Jurassic Park changed movies forever, with its utterly believable computer-generated dinosaurs. But did you know they were originally going to use claymation instead? Just in time for Jurassic World, we’ve dug up nine fascinating facts about the making of the original Jurassic Park.
Some other facts that didn’t make it into this video...
Michael Crichton originally planned Jurassic Park as a screenplay. And it was a very different story. Crichton told Cinefantastique:
It was a very different story... It was about the person who did the cloning, operating alone and in secret. It just wasn’t satisfactory. The real conclusion for me was that what you really wanted in a story like this was to have a sort of natural environment in which people and dinosaurs could be together. You wanted the thing that never happened in history: people in the forest and swamps at the same time as dinosaurs. Once that notion began to dictate how the story would proceed, then everything else fell into place, because there are certain things that I wanted to avoid, like the dinosaurs in New York City – that’s been done.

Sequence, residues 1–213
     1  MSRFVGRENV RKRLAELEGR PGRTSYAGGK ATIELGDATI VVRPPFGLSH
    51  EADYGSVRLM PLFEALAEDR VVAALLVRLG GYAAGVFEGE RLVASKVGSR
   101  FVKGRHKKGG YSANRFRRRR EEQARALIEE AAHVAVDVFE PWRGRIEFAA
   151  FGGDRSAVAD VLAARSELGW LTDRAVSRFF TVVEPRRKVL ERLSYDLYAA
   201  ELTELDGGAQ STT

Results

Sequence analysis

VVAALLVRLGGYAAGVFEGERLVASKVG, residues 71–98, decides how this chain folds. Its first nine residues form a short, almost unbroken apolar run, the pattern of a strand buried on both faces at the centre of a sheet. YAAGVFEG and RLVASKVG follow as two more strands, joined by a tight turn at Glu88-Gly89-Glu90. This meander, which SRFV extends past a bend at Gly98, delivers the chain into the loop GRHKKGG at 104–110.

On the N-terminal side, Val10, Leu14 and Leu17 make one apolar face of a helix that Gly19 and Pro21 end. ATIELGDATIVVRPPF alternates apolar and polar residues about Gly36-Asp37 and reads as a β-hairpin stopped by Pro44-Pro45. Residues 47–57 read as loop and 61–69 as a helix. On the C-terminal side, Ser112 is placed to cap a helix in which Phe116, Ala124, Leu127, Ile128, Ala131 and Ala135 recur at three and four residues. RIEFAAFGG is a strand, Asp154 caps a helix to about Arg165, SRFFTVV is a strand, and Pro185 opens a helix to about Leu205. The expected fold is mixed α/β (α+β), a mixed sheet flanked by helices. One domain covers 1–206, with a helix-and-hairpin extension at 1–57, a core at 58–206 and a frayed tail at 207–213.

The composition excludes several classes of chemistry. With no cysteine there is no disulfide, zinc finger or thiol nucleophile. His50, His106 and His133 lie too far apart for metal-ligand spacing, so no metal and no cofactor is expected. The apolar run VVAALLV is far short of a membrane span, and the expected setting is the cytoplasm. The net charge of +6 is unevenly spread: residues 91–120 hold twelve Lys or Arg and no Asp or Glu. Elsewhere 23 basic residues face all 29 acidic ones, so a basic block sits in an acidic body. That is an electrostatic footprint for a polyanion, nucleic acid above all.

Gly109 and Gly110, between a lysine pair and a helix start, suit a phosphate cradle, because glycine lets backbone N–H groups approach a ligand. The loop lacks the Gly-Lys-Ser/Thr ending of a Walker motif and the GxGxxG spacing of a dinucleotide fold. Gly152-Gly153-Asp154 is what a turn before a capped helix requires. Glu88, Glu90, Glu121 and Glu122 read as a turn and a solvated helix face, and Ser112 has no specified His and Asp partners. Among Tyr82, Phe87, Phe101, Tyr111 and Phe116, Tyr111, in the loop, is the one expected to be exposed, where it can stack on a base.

The top half of the T-Rex was an airplane flight simulator. In addition to radio-control, cable-actuation, and computer-governed hydraulics, Stan Winston’s crew came up with the idea of strapping the top half of the T-Rex to a flight simulator. Winston told Cinefantastique:
That concept came from Craig Caton, one of my key mechanical coordinators... It limited a certain amount of shooting ability, because for many of the shots we would only be able to shoot the T-Rex from the waist up, but it seemed like a perfect way to do the broad moves-it’s a tried-and-true method of taking a lot of weight and giving it a multi-axis.
Winston’s crew also created a “insert head,” that was hoisted by a 13,000 pound crane. And insert legs. And for the more complex movements of the T-Rex, he came up with the idea of a “performance-capturing Waldo.”
Winston explained, “I came up with the idea of recreating the dinosaurs’ inner structure mechanically – which we had already done in mock-up-so that we knew how everything would move. For every joint or axis of motion, we placed a linear potentiometer – which is a slide-pot, so to speak, that looks like a little piston. If we could get those little pistons to match the movements of the hydraulics, then instead of putting them on a control board, we could put them in place of where the hydraulics would be in the full-size character. This gave us a small version of the insides of the big version, so that any movement we gave to the small T-Rex as a puppet – holding onto it as a puppeteer and moving the head – would go right into the dinosaur, and he would do what we wanted, in real time. It worked beautifully.”